Learning One-hidden-layer Neural Networks with Landscape Design

Anonymous

Nov 03, 2017 (modified: Nov 03, 2017) ICLR 2018 Conference Blind Submission readers: everyone Show Bibtex
  • Abstract: We consider the problem of learning a one-hidden-layer neural network: we assume the input x is from Gaussian distribution and the label $y = a \sigma(Bx) + \xi$, where a is a nonnegative vector and $B$ is a full-rank weight matrix, and $\xi$ is a noise vector. We first give an analytic formula for the population risk of the standard squared loss and demonstrate that it implicitly attempts to decompose a sequence of low-rank tensors simultaneously. Inspired by the formula, we design a non-convex objective function $G$ whose landscape is guaranteed to have the following properties: 1. All local minima of $G$ are also global minima. 2. All global minima of $G$ correspond to the ground truth parameters. 3. The value and gradient of $G$ can be estimated using samples. With these properties, stochastic gradient descent on $G$ provably converges to the global minimum and learn the ground-truth parameters. We also prove finite sample complexity results and validate the results by simulations.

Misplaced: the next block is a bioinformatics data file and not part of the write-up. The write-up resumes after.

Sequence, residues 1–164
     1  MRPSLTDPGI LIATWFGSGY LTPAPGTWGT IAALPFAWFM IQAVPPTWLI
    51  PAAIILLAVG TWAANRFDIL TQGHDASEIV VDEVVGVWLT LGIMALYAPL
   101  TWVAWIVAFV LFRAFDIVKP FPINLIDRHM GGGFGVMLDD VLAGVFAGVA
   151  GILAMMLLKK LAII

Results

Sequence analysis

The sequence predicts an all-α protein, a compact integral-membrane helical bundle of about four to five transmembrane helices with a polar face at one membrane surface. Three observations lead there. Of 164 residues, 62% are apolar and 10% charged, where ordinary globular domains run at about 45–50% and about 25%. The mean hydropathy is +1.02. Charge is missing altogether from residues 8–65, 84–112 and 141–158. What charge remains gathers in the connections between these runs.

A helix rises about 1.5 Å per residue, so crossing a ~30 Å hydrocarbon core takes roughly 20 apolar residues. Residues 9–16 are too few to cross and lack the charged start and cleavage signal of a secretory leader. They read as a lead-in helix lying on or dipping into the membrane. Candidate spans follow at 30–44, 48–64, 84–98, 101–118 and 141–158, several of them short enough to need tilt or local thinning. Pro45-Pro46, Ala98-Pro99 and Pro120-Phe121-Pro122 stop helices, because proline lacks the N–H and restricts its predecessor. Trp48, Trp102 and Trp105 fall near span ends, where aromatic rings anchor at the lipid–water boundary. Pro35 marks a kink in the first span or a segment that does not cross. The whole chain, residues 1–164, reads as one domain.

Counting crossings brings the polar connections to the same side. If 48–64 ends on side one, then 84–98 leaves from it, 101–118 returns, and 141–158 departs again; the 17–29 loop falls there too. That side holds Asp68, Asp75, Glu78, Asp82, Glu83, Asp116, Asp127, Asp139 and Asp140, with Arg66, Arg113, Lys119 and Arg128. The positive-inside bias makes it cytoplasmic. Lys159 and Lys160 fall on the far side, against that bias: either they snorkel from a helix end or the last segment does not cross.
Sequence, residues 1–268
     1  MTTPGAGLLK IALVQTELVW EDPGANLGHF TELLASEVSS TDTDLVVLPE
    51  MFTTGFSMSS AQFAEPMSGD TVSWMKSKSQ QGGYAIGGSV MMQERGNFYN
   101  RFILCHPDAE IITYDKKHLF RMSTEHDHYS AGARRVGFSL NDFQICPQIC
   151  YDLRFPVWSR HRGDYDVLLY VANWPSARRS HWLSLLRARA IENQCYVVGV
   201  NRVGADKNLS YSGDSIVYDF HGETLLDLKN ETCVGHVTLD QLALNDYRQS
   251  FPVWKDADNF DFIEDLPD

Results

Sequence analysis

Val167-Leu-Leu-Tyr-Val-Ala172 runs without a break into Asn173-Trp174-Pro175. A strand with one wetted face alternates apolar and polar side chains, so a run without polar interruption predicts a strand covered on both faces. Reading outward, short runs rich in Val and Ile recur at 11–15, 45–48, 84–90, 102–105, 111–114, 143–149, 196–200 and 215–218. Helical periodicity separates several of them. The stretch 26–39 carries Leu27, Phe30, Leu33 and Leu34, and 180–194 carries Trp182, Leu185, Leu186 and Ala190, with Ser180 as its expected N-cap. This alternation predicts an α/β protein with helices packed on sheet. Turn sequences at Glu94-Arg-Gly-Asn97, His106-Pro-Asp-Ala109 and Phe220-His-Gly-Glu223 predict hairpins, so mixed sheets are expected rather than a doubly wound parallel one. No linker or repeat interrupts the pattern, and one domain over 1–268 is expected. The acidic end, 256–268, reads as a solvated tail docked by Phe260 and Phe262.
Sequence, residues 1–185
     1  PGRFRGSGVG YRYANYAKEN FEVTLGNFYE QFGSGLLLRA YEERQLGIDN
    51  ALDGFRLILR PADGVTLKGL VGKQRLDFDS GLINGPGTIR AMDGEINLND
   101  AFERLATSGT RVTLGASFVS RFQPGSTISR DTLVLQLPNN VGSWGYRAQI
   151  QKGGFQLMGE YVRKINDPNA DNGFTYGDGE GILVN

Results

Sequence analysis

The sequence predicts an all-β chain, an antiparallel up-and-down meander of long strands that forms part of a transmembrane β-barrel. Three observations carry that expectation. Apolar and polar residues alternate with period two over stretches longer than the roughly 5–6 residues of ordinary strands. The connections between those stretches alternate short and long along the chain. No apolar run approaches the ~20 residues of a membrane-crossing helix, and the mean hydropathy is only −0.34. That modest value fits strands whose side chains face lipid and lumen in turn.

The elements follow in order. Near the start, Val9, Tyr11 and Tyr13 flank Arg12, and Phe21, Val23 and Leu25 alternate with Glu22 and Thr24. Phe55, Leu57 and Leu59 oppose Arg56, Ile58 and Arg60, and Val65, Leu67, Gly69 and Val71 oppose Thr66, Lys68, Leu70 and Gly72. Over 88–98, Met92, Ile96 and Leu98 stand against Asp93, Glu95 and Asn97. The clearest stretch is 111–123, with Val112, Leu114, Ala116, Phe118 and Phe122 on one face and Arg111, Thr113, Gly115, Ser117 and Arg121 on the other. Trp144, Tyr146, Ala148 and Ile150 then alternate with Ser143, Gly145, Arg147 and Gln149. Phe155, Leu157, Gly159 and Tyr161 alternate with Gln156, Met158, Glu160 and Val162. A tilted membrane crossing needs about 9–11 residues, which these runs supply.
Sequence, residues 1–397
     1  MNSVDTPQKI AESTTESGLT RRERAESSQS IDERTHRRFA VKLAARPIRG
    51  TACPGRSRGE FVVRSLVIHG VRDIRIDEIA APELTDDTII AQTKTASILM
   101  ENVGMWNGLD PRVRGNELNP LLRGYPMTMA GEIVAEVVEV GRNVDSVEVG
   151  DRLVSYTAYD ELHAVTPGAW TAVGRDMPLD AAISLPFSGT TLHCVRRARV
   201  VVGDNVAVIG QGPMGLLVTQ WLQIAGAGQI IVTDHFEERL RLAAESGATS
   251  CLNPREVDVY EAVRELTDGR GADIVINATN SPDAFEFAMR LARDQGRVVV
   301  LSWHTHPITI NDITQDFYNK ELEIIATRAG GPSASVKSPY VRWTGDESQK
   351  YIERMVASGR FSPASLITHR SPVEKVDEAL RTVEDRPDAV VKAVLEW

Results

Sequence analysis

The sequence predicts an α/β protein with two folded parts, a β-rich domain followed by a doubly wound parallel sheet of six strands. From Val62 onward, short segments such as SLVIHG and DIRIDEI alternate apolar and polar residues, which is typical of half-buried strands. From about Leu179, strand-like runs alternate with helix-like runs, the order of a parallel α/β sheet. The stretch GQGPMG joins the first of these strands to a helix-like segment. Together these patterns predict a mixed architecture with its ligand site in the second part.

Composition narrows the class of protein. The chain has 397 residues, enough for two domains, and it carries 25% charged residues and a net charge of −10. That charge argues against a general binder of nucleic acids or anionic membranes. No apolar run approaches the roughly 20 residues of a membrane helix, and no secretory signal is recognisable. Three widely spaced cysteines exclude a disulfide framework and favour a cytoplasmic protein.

• TL;DR: The paper analyzes the optimization landscape of one-hidden-layer neural nets and designs a new objective that provably has no spurious local minimum.
  • Keywords: theory, non-convex optimization, loss surface

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